Kyocera DuraPlus (Sprint) review: Kyocera DuraPlus (Sprint)

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MSRP: $269.99

The Good The Kyocera DuraPlus is made tough and its built-in LED flashlight is useful for low-light environments. The Sprint Direct Connect push-to-talk feature works well and call quality is solid.

The Bad The DuraPlus has a look only a mother can love and it could stand to lose a few ounces. It doesn't have a camera, a microSD slot, or a standard 3.5mm headphone jack.

The Bottom Line If looks aren't important, and you want a basic rugged phone that can make good calls and withstand being kicked around and dropped underwater, consider the DuraPlus. But be aware: its clunkiness will give your hand a workout.

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6.3 Overall
  • Design 6
  • Features 6
  • Performance 7

There's no doubt that the Kyocera DuraPlus is one tough cookie. When I wrote about its introduction in March, I admitted that I couldn't wait to get one in for review just so I could knock it around.

Although its plastic and rubber makes it an awfully unattractive device, this handset certainly can withstand a beating--making it perfect for extra-tough lifestyles. With its push-to-talk feature, military specs, and LED flashlight, it's especially useful for those working in construction or field operations. It is available on Sprint's network for $69.99, after sending in a $50 mail-in rebate and signing a two-year contract.

The Kyocera DuraPlus is 5.28 inches long, 2.17 inches wide, and 0.93 inch thick. Yup, you read that right, it's nearly an inch thick. It also weighs 6.67 ounces, so it's not lightweight. Indeed, it feels heavy in the hand and could barely fit inside my jean pocket, and when I talked for a couple of minutes with the phone between face and shoulder, I felt like I was pinning a rubber brick to my face.

I do get that the device is designed to satisfy military specs, which results in a few aesthetic limitations. But outside of construction workers and extreme sports enthusiasts, I just can't see anyone using this handset day to day like a normal phone without finding it cumbersome. It is possible to make a rugged phone that doesn't look like a chew toy that can withstand the apocalypse, but this device is not such a phone.

Yes, it's a rugged phone, but the DuraPlus is just too chunky and thick.

On the bottom left side of the DuraPlus is a Micro-USB port that can be covered by a thick plastic door. Above that is a pimple-like Direct Connect Button outlined in yellow and above that is a bulbous volume rocker. At the top of the phone are the speaker button and the call list button, with an LED flashlight in between. On the right is a 2.5mm headset jack, which also is covered by an attached plastic door.

On the back of the device there are two screws near the top, sealing in the remote speaker microphone. The 1,650mAh battery sits below that and is locked underneath its own cover. You can twist this cover open with a coin. Lastly, below the battery are the two yellow-rimmed power connectors.

The handset's QVGA 2-inch screen has a resolution of 240x320 pixels. Because the display is so elementary, few colors can be displayed. Texts appear pixelated and images are streaky and grainy. In fact, the interface feels like it's straight out of 2000.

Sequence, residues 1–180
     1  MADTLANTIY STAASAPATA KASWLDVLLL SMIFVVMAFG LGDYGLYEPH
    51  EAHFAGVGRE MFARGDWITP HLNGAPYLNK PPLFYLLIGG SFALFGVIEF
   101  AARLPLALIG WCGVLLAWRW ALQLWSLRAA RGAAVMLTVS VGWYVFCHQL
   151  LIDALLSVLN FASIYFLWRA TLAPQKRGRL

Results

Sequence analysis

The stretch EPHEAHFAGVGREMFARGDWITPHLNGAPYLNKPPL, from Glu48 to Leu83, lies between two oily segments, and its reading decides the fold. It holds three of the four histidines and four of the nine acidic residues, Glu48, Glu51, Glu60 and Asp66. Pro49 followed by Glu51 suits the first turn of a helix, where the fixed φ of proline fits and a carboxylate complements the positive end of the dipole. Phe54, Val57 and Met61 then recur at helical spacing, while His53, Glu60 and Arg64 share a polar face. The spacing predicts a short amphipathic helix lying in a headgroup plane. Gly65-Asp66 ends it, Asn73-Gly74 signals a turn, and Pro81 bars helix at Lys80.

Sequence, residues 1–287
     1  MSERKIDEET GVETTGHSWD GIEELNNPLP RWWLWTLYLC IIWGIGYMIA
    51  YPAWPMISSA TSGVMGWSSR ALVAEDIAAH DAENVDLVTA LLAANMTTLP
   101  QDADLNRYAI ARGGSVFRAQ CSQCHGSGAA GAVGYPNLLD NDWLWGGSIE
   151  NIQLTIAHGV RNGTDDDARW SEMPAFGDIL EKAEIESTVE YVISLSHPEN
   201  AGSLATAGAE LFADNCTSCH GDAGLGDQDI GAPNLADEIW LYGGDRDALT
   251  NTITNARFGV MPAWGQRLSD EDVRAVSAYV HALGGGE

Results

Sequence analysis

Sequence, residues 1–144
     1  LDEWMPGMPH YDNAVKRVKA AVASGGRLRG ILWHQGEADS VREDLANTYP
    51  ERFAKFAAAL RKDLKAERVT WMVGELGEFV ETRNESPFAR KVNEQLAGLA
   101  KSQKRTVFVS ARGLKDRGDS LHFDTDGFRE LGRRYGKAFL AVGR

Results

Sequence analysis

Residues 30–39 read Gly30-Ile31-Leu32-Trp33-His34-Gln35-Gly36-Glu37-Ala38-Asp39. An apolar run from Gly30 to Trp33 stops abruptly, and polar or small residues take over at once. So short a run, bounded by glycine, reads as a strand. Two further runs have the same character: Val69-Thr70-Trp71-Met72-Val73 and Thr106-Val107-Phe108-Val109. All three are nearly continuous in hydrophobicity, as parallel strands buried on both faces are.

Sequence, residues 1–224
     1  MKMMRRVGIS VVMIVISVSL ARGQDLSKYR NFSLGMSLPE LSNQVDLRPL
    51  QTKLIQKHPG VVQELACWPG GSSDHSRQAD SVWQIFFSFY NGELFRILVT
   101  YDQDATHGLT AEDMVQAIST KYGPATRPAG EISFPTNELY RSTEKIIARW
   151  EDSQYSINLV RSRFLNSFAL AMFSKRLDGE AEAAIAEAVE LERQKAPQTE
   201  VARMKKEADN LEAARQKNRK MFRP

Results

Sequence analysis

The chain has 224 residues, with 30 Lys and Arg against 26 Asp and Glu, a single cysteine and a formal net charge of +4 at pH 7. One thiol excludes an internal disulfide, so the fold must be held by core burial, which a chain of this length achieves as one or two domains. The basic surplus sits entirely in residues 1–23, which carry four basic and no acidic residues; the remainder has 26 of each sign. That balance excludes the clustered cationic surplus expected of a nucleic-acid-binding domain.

Above the display are the earpiece in the center and an LED indicator to the right. Below the display are two soft keys and a circular navigation control with a menu/OK button in its middle. To the left of the navigation control is a shortcut key to turn on the flashlight and the talk button; to the right are the back button and the End/power key. Below the entire set is your standard set of alphanumeric keys, and below that are the speaker and microphone. Given how big the phone is, you would think the number keys would be just as big, but they're actually quite small. Although they're bulbous, making them easy to feel, they're tiny compared with the rest of the phone, which made it a little difficult to type out numbers and letters.

The Kyocera DuraPlus is built to military-grade specifications, which means it is shock-, dust-, and splash-proof. It can operate under extreme temperatures, humidity, and solar radiation. What's more, you can submerge it in up to a meter of water for 30 minutes.

Since it's not a smartphone, it doesn't have any applications installed. It does, however, include some bare-bones task-management features, such as T9 text messaging, a calendar, an alarm clock, a stopwatch, a calculator, a world clock feature, Bluetooth capabilities, and a phone book that can store a maximum of 600 contacts. The handset can hold up to 256MB of internal storage, and doesn't have a microSD slot.

There's a My Account feature that tells you your plan minutes and balance, and a My Stuff folder that keeps track of all your purchased games, ringtones, and screen savers.

The DuraPlus also has a turn-by-turn GPS navigation feature that you have to log in to with your e-mail to use the first time. When you access it, you can enter or search for your destination by either typing it in or speaking the address out loud. I recommend typing because when you choose to say your destination, your DuraPlus will call activate the Telenav and route you to some automated robot that will make you spend the next 10 minutes of your life shouting "Bryant Street" because it just "didn't get that."

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